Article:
Clayton’s Corner: Of Generations and Gentrification [PHOTOS]
As the unrelenting winds of the international corporate gentrification keeps eroding away the deep, rich, soil of our culture, it also disposes of “neighborhood” and “community.” It affects both collective memory and history. For example: changing the name of PS 122 into Performance Space New York obliterates the connection to the previous 30-year history.
Another more natural force of gentrification is death. With the passing of one generation, so too passes opportunity. Cultures also die.
In our generation one of the most vicious, devastating, plague-like forms the wrath came disguised as an immune destroying pandemic. AIDS took away so many of our leading lights, brightest minds, original thinkers, friends, associates, neighbors. It is up to us to make sure the names and memories of those who passed, often, too young, too early in their journey, are remembered.
If we do not preserve our own history, then who will? For some of us, remembering is not a burden, but more of a responsibility and an honor.
To honor the memory of some community members AIDS had taken away, the 2018 NY ACKER Awards, included in the recipient’s award box, a bio-booklet with a section dedicated to the memory, a hand-drawn portrait on a coffee cup by Zito, a copy of the Book of the Dead, Bearing Witness, cover lettered by Steven “Tabboo” Tashjian, filled with over 1100 names written down by Eugene Fedorko.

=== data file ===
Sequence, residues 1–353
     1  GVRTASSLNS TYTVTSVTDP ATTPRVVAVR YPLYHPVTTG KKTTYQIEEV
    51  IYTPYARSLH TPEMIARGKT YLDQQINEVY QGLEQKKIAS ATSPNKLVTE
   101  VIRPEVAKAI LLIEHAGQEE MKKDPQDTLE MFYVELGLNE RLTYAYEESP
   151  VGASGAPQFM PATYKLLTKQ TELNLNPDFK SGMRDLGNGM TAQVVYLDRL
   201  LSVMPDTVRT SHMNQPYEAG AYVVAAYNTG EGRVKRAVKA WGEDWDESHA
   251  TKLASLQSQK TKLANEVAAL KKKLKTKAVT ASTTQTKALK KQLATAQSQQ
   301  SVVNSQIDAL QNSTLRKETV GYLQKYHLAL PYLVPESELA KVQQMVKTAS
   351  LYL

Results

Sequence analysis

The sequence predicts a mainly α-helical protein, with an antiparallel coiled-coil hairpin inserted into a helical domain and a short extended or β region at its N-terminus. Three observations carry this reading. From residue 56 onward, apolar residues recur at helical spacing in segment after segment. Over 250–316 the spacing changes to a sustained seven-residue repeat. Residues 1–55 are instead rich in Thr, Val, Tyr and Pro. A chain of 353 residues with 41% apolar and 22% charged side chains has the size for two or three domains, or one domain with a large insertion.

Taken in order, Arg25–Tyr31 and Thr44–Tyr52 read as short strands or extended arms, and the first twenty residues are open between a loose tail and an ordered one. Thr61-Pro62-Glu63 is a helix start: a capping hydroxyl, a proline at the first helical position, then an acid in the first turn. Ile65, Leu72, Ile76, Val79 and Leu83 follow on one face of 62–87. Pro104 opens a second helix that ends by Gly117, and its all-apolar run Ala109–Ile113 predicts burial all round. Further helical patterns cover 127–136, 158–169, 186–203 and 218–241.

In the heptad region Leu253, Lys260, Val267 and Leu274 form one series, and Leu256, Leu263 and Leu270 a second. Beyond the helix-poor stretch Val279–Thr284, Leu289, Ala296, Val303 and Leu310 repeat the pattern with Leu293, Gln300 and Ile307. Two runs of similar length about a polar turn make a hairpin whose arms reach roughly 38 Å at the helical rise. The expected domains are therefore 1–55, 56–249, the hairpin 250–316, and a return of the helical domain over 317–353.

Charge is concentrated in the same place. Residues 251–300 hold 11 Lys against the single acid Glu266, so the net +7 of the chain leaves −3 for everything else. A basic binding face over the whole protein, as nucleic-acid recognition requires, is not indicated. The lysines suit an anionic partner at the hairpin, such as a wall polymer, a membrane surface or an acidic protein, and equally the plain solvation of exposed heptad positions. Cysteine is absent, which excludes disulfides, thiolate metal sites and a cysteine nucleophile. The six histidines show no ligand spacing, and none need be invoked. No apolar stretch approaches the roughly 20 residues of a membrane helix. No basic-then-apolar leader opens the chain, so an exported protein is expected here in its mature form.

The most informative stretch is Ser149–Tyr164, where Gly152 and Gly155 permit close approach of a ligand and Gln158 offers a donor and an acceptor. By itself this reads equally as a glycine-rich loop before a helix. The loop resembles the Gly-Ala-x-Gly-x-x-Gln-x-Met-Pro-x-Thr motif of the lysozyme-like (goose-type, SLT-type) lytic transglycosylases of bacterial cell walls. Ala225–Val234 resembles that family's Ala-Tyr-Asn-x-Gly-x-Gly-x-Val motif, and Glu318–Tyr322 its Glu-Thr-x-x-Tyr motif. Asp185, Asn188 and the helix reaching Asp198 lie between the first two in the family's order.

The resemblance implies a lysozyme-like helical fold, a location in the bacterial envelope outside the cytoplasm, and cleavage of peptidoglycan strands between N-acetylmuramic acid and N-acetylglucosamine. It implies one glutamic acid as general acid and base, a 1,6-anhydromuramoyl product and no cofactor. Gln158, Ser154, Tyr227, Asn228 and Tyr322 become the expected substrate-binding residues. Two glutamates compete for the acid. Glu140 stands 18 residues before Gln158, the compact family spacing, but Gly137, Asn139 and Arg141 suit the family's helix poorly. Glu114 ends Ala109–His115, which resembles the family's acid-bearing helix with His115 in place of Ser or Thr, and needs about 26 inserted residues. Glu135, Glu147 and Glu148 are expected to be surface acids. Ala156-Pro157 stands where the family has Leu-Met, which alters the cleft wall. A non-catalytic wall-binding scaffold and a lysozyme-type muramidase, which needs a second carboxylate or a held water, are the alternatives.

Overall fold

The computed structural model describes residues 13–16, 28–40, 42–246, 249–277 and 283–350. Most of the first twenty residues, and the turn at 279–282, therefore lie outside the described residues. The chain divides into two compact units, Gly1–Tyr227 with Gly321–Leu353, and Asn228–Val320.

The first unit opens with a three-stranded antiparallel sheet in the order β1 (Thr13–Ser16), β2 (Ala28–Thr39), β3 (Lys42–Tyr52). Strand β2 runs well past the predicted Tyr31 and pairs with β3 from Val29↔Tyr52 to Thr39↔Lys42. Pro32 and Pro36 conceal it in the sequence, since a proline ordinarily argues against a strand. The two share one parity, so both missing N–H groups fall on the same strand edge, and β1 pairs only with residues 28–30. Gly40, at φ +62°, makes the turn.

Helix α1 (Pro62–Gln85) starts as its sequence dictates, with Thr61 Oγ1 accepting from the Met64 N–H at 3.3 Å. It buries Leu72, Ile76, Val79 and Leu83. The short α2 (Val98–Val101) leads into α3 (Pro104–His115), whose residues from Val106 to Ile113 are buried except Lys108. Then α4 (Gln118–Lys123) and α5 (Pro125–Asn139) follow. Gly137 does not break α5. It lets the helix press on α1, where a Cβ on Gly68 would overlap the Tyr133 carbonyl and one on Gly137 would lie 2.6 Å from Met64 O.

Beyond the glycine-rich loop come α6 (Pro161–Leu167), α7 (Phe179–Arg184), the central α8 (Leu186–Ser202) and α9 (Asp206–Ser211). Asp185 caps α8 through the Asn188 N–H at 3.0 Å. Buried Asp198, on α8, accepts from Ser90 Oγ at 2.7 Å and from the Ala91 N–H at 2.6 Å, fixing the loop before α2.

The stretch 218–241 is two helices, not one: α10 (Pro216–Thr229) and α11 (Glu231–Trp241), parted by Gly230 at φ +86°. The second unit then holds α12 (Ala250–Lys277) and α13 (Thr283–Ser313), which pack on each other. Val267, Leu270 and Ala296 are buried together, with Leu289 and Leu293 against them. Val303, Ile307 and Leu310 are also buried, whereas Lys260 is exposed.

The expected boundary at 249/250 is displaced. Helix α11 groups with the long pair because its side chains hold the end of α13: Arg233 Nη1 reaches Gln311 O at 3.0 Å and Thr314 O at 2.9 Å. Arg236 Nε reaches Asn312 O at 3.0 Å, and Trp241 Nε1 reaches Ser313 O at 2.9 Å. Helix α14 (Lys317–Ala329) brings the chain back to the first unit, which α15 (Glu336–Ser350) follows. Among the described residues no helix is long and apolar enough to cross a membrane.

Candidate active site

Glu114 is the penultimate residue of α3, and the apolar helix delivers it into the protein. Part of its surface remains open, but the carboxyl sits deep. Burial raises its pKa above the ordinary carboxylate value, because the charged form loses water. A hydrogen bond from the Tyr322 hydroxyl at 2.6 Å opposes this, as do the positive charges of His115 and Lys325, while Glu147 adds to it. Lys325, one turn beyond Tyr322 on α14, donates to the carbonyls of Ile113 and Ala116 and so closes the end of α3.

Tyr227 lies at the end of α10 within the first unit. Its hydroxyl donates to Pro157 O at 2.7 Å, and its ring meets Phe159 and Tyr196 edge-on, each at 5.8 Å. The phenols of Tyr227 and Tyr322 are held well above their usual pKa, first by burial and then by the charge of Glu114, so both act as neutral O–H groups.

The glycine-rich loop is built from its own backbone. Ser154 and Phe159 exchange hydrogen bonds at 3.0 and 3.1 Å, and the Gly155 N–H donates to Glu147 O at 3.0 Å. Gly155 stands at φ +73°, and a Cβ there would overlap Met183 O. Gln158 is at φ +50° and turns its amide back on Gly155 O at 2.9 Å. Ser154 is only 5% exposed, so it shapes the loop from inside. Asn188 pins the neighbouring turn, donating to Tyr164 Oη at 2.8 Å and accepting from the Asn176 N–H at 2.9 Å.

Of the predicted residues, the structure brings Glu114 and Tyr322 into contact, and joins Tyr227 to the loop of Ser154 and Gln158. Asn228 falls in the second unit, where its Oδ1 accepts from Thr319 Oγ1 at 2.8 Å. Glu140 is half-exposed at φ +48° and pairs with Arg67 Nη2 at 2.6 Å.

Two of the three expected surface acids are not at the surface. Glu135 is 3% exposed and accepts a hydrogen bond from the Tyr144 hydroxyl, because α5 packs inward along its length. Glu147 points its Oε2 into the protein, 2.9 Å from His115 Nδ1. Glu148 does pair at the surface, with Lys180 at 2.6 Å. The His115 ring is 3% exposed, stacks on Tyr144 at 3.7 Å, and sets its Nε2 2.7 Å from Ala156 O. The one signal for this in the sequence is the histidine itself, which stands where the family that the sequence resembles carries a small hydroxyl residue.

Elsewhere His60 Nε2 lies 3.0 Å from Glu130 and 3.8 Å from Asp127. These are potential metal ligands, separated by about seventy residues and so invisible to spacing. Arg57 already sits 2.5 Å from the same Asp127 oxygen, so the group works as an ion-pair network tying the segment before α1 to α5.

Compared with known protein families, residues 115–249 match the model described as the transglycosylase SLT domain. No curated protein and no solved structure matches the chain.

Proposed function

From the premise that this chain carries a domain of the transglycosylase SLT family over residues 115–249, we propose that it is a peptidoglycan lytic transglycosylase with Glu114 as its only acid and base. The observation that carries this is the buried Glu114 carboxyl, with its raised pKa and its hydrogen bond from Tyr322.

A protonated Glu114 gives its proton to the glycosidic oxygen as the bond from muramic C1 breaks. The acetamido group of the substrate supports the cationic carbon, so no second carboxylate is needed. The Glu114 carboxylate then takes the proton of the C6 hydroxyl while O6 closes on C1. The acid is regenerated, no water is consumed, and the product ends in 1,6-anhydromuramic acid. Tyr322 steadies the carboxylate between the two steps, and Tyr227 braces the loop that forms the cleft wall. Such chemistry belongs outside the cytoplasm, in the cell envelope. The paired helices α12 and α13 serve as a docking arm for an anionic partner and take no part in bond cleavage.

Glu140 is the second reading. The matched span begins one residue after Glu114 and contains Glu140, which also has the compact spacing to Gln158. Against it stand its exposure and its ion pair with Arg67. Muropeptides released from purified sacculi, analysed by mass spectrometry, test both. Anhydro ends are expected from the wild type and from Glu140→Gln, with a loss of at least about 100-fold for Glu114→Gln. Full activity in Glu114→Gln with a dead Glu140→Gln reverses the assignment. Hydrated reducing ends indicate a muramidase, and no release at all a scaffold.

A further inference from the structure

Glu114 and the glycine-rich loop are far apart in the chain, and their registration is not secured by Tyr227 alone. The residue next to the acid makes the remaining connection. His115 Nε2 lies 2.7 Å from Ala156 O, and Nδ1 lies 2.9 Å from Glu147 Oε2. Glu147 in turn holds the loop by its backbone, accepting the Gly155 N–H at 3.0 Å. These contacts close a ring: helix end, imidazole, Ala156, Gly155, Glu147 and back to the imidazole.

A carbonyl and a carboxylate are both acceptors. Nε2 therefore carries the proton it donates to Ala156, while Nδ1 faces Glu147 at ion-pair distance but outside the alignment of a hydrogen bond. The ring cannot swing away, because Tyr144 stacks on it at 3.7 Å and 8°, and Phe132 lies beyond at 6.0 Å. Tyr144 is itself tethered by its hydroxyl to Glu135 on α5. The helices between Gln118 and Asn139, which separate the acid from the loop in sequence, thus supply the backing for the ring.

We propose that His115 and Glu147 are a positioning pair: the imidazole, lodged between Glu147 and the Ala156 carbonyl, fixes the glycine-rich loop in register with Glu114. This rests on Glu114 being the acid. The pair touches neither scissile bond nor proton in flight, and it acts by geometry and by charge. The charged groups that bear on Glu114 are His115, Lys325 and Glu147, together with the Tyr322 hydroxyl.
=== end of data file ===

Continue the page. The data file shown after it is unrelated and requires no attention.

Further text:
For those interested in remembering by viewing a series of exquisitely drawn portraits, then, HOWL Happening has mounted a must see – the “John Kelly: Sideways into the Shadows” exhibition, running through March 25.
John is a multitalented artist, whose highly praised performance work I became aware of because performance artist SUNPK (aka Peter Kwaloff) made it possible for me to document Whispers, the Sunday night Pyramid Club Drag show hosted by that always funny remarkable MC Mark “Hapi Phace” Phred. Yes, John is without question a blessed performer, but I was a little taken aback at his drawing skill. The work is simply beautiful. He obviously felt a strong connection to the 40 people he drew. The drawings are keeping the names and the spirits of those gone souls alive in our thoughts.
As a documentarian, I see one of my duties, in the war against the part of the international corporate effort to take over and destroy our memories and past, is saving the memories of those who made so much possible for so many of us. And, beyond the quality of this HOWL! Happening John Kelly show, is just the fact that this show is a Never Forget, example of another form of protecting our past.